Staying healthy and ageing well


In summary

  • The life expectancy of a male baby born in South Australia is 80.4 years.
  • The life expectancy of a female baby born in South Australia is 84.5 years.
  • Aboriginal life expectancy data is unavailable for South Australia specifically, but nationally stands at 71.6 years for Aboriginal males at birth and 75.6 years for Aboriginal females at birth.
  • The vast majority (74.0%) of South Australians self-report that their general health status is good, very good, or excellent.
  • Less than half (43.0%) of South Australians are eating the recommended two or more serves of fruit per day.
  • Less than one in ten (8.1%) South Australians report eating the recommended* number of serves of vegetables per day (*for most people, this is five serves per day).
  • Around two-thirds (66.0%) of South Australians (N.B. this measure is for persons aged 18-64 years) undertake 150 minutes or more of walking, moderate or vigorous physical activity per week.
  • Around a quarter (22.9%) of South Australians have a disability – defined in this context as a limitation, restriction or impairment, which has lasted, or is likely to last, for at least six months and restricts everyday activities.
  • A smaller percentage, around one in 17 (6.0%), are in need of assistance with core activities due to profound or severe disability.
  • Approximately three-quarters (71.8%) of South Australians are living with two or more of the following risk factors: (i) current high blood pressure; (ii) current high cholesterol; (iii) undertakes less than 150 minutes per week of walking, moderate or vigorous physical activity; (iv) overweight or obese; (v) current smoker; (vi) long-term alcohol risk; and/or (vii) insufficient consumption of fruit or vegetables.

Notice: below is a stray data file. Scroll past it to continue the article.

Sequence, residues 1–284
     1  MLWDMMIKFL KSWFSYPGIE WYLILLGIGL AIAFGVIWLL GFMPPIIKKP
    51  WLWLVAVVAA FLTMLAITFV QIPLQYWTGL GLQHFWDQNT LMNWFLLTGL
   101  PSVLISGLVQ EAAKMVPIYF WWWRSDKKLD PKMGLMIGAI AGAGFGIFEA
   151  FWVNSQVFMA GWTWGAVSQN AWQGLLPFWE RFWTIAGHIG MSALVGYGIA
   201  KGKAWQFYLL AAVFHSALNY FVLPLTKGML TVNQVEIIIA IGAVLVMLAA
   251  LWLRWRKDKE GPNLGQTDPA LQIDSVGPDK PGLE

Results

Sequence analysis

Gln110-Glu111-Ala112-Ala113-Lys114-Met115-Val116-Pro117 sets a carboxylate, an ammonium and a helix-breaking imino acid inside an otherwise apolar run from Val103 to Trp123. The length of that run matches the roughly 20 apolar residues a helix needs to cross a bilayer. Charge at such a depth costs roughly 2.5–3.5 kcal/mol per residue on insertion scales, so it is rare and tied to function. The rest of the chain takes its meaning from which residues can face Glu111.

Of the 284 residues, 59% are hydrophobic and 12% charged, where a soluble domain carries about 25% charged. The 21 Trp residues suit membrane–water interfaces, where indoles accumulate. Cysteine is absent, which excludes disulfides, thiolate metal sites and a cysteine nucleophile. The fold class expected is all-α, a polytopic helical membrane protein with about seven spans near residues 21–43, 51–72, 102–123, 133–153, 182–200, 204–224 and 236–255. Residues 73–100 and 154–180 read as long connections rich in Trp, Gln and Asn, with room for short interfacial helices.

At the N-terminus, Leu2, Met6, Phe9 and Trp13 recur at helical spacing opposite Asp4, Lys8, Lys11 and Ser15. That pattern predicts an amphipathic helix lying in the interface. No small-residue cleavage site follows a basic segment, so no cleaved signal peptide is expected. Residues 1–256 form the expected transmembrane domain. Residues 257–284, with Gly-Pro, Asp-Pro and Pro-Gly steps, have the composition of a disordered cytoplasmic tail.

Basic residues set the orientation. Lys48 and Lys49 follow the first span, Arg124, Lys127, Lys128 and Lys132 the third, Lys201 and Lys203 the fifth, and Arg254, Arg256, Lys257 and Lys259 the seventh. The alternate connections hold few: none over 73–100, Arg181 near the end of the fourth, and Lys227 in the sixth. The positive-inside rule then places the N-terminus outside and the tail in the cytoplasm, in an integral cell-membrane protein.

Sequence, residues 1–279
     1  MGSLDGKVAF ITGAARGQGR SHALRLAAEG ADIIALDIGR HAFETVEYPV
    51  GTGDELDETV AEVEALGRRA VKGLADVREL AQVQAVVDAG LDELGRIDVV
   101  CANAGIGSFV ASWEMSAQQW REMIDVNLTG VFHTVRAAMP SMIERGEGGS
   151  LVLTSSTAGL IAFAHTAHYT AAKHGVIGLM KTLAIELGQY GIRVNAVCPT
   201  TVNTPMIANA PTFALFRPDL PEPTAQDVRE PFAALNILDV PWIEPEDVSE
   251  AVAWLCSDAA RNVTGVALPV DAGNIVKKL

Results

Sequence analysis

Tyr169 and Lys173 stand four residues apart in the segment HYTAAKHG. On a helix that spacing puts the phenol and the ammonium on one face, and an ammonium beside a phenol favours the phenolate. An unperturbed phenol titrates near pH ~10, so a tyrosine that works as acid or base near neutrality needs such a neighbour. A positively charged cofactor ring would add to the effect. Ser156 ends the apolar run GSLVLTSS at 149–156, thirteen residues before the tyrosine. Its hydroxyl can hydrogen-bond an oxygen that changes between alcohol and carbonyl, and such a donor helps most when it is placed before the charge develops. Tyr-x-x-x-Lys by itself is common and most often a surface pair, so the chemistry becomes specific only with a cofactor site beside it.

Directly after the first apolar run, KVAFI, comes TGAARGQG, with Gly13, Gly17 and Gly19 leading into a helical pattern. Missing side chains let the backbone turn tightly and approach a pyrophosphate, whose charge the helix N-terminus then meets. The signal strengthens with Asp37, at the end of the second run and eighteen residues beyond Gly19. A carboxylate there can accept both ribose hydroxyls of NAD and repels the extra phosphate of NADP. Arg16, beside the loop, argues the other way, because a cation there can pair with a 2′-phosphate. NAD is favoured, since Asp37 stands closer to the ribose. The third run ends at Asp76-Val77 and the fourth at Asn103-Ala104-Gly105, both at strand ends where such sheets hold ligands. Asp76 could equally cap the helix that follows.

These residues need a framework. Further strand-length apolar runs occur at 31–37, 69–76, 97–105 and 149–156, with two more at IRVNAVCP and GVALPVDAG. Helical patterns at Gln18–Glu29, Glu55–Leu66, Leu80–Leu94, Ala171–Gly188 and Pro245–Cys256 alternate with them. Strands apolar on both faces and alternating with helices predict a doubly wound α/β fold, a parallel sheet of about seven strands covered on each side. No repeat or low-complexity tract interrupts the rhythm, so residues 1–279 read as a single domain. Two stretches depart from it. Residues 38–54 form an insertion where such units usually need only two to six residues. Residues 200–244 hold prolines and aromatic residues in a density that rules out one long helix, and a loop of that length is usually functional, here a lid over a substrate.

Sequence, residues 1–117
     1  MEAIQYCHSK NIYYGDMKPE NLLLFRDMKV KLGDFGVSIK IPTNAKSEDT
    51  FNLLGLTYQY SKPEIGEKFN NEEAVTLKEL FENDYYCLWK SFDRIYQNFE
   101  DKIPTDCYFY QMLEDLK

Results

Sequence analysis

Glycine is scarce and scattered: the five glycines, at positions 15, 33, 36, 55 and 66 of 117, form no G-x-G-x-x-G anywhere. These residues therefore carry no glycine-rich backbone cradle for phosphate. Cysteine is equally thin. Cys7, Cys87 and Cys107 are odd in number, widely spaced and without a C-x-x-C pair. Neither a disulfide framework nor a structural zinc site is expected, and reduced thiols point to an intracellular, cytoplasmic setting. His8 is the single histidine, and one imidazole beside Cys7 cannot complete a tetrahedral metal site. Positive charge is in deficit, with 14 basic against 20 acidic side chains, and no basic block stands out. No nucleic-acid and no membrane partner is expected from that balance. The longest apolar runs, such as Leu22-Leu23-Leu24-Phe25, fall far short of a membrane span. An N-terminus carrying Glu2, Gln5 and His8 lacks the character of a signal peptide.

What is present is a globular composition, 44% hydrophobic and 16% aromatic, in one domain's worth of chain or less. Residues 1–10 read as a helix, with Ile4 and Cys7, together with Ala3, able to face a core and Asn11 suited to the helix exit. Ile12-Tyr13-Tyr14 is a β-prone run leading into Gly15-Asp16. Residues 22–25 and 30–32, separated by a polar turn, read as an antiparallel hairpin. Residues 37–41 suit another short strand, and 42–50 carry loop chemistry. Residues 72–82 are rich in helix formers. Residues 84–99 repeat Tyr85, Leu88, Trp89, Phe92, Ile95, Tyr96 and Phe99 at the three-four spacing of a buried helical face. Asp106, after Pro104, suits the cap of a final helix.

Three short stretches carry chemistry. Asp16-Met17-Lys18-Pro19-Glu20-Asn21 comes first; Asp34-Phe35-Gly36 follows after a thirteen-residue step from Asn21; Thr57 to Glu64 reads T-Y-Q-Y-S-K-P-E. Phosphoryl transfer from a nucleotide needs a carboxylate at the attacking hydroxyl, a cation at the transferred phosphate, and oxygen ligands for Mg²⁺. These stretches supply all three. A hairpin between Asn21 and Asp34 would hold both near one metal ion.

• Around one in five (21.2%) of South Australians drink at levels on a single occasion that puts them at risk of an alcohol-related injury arising from that particular event.
  • About one in seven (14.0%) South Australians are consuming alcohol at levels that puts them at lifetime risk of harm from alcohol-related disease or injury.
  • Approximately two-thirds (66.7%) of South Australians have a Body Mass Index which the World Health Organisation defines as overweight or obese.
  • Over a quarter (28.8%) of South Australians have high blood pressure and/or are on medication for high blood pressure.
  • About one in four (24.8%) South Australians have high cholesterol and/or are on medication for high cholesterol. The trend has been increasing in metropolitan Adelaide over the last five years.
  • One in eight (12.0%) South Australians are current smokers.
  • Approximately one in five (19.0%) South Australians have recently experienced high or very high levels of psychological distress.
  • Roughly one in ten (10.8%) South Australians have ever been told by a doctor that they have (or had) cancer.
  • Under one in six (15.7%) South Australians aged 14 years and older reported using drugs illicitly, including the use of pharmaceuticals for non-medical purposes, in the previous 12 months.